Saturday, December 01, 2007

Happy birthday prosperity, thank you PJK

My colleague Shane Wright of the West Australian remembers:

“This is the recession we had to have.” — Treasurer Paul Keating, November 29, 1990.

It is 17 years today since Paul Keating uttered some of the most infamous, misunderstood and deliberately misconstrued words in Australian politics.

After the release of that year’s September quarter GDP figures, Mr Keating stunned Australians — and plenty of ALP backbenchers — with his declaration that it was a recession the nation needed.

A recession is technically defined as two consecutive quarters of negative growth. The 1990 recession Mr Keating referred to is generally regarded as Australia’s last recession. However, it actually reached well into the middle of 1991, with negative quarters of growth in March and June of that year.

What is most striking about Mr Keating’s utterances is not that what he said was devoid of any empathy for the thousands of business owners and workers who would soon be tossed on the unemployed scrap heap. It is what that recession marked and what’s happened since...

A quick scan of Australian Bureau of Statistics figures shows that since that June 1991 negative quarter (when the economy contracted 0.2 per cent) there has only been two three-month periods since when the economy has shrunk — September 1993 (a drop of 0.1 per cent) and December 2000 (a drop of 0.8 per cent).

The reason for all these statistics is to give the context of the current period through which we are all living. Economists call it the Great Moderation. It may not sound as imposing as the Great Depression, or as solid as the Great Wall, but in terms of greatness, well, it’s hard to go past.

The Great Moderation refers to the way the global economy, particularly in the developed world, has lost much of its volatility. Let’s put it this way. There hasn’t been a technical recession since Mr Keating’s comments. That’s a record stretch of almost 17 years.

Between 1959 and 1990, however, there were six recessionary periods or one nearly every five years.

And it’s not just Australia that has enjoyed the fruits of the Great Moderation. Great Britain is enjoying the same period of uninterrupted growth, as is much of the OECD.

The US, and some other nations, did dip into recession in the 2000-01 period, but it was neither as deep nor destructive as past financial downfalls.

Now there has been plenty of discussion in economic circles about why the globe is going through perhaps its greatest period of economic stability, and growth, in recorded history.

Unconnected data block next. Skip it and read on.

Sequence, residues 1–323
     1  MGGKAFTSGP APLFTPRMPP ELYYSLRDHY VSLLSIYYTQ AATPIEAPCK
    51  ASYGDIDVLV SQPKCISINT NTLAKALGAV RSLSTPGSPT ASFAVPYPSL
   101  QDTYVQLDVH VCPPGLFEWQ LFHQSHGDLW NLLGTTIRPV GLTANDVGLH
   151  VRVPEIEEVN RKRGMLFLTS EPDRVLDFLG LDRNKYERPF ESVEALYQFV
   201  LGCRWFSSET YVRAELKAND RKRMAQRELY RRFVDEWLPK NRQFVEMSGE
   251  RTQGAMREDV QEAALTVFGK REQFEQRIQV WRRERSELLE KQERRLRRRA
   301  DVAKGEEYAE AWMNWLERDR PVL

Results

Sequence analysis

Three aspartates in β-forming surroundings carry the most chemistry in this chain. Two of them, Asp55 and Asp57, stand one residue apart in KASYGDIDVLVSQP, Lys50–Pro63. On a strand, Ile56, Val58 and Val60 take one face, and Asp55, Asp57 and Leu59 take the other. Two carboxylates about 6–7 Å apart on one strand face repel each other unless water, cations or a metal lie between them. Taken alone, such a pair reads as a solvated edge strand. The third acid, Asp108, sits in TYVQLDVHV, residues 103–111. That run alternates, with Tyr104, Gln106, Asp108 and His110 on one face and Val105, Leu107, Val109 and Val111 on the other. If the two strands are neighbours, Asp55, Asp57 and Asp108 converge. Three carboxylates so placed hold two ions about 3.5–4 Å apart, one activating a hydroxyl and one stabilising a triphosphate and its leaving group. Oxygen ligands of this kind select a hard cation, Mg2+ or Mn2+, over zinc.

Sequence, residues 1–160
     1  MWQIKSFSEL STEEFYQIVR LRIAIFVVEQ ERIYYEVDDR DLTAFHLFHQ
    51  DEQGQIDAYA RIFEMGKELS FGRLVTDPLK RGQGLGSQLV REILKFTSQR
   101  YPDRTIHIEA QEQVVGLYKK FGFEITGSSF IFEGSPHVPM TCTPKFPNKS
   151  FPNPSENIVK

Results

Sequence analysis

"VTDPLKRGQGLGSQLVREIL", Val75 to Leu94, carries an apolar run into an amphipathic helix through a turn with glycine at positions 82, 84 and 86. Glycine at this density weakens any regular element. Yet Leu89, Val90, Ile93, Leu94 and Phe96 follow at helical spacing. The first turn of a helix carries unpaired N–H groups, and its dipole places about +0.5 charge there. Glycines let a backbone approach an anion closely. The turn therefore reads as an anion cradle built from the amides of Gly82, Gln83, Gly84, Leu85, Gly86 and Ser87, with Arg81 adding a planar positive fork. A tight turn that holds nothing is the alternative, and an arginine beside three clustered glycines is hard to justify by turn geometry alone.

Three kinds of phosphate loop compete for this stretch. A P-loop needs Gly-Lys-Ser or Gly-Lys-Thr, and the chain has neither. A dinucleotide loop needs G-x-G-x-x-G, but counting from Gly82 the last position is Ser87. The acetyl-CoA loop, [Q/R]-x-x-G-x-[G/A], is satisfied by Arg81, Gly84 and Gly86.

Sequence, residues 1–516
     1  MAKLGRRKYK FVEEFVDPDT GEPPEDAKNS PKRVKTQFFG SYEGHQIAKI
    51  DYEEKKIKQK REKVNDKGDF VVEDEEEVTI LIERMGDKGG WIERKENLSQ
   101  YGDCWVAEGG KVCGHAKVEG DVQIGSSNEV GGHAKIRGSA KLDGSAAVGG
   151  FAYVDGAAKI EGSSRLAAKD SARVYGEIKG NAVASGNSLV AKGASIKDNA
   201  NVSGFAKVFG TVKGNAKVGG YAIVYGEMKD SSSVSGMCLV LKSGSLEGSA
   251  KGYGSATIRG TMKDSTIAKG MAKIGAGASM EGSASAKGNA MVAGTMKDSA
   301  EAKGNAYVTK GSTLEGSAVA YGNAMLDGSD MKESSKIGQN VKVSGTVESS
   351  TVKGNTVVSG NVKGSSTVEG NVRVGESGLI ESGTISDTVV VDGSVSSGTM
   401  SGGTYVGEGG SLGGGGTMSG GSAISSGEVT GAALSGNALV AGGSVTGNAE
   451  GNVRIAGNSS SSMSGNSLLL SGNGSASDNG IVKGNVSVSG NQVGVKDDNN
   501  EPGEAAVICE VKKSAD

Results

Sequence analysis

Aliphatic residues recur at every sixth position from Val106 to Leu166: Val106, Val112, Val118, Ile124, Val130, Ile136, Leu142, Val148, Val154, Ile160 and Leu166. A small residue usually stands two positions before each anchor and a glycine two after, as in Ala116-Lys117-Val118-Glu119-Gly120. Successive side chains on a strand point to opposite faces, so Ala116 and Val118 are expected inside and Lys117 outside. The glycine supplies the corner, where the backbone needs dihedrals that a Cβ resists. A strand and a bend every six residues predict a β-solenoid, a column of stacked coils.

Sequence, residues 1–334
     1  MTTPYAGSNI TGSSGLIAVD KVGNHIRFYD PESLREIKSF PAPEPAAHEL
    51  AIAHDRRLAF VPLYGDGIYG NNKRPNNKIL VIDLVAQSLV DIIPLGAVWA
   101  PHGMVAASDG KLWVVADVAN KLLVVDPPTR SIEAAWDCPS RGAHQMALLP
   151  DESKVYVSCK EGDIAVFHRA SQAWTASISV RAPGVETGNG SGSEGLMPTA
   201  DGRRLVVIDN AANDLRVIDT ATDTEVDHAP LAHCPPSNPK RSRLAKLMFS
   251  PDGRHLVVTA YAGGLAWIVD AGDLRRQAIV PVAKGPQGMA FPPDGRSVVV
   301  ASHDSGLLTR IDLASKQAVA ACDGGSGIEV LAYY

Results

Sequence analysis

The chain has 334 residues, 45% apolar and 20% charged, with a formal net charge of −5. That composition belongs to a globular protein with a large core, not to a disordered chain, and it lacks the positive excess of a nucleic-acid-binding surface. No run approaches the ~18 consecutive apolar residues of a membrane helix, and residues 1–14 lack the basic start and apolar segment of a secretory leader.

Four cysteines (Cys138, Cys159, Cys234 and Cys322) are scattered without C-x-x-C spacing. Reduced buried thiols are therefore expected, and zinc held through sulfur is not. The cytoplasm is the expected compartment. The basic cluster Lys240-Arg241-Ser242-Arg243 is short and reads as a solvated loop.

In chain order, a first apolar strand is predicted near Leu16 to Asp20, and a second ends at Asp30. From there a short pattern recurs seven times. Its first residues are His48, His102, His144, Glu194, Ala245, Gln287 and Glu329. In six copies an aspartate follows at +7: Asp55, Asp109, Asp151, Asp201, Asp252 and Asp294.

American economist Peter Summers, in a paper for the Kansas City Federal Reserve, has highlighted three factors as reasons for this global phenomenon. He found monetary policy, the control of inflation and better handling of inventories by the business community, and the interaction of them, were likely to be root causes.

In this context, he’s talking about the decision to take monetary policy control out of the hands of politicians and handing it to central banks (such as the Reserve Bank of Australia), giving those banks an inflation target (normally somewhere between one and three per cent) and the fact businesses now have a much better idea of what they need to produce rather than leaving great piles of goods in warehouses.

Professor Summers found the amount of economic volatility in the G-7 group of nations and Australia had effectively halved. In Australia’s case, he put the date of this abrupt ending in volatility as the third quarter of 1984.

HSBC Australia chief economist John Edwards became an adviser to Paul Keating just ahead of those famous 1990 words.

He says the Great Moderation in the Australian context can be largely attributed to four factors: the advent of enterprise bargaining, the cutting of tariffs, the rise of China (and East Asia) and financial deregulation.

And surprisingly, he puts enterprise bargaining at the top of the reasons of Australia’s economic success.

“The introduction of enterprise bargaining is the point where the market decided wages, where productivity was put into the system and we forever ended the notion of relative wage justification delivered by a centralised industrial relations commission,” he said.

Dr Edwards also puts a lot of importance on the rise of China, and the increased competition faced by Australian businesses by opening up the economy through tariff cuts and financial deregulation.

He said China, and other East Asian nations, had helped deliver low inflation globally while becoming the world’s manufacturing base (and also providing a huge revenue injection of commodity nations such as Australia).

Some experts believe the 1990 recession also marked the death of inflation in this country. With the Reserve Bank developing an inflation target after the recession, it had the starting platform from which it has since fashioned monetary policy where official interest rates with a six in front of them are considered high.

But Dr Edwards said the path to low inflation was set before the recession.

“It was coming down in the mid-1980s,” he said. “A recession of the sort that we had, it did bring inflation down but there are better ways to do it.”

So why is the Great Moderation so important?

I’ll let current US Federal Reserve boss Ben Bernanke explain with these comments he made in 2004.

“Reduced macroeconomic volatility has numerous benefits,” he said. “Lower volatility of inflation improves market functioning, makes economic planning easier and reduces the resources devoted to hedging inflation risks. Lower volatility of output tends to imply more stable employment and a reduction in the extent of economic uncertainty confronting households and firms.”

Hopefully, it means that a future Australian treasurer won’t have to make the same type of comment Paul Keating did on that day 17 years ago.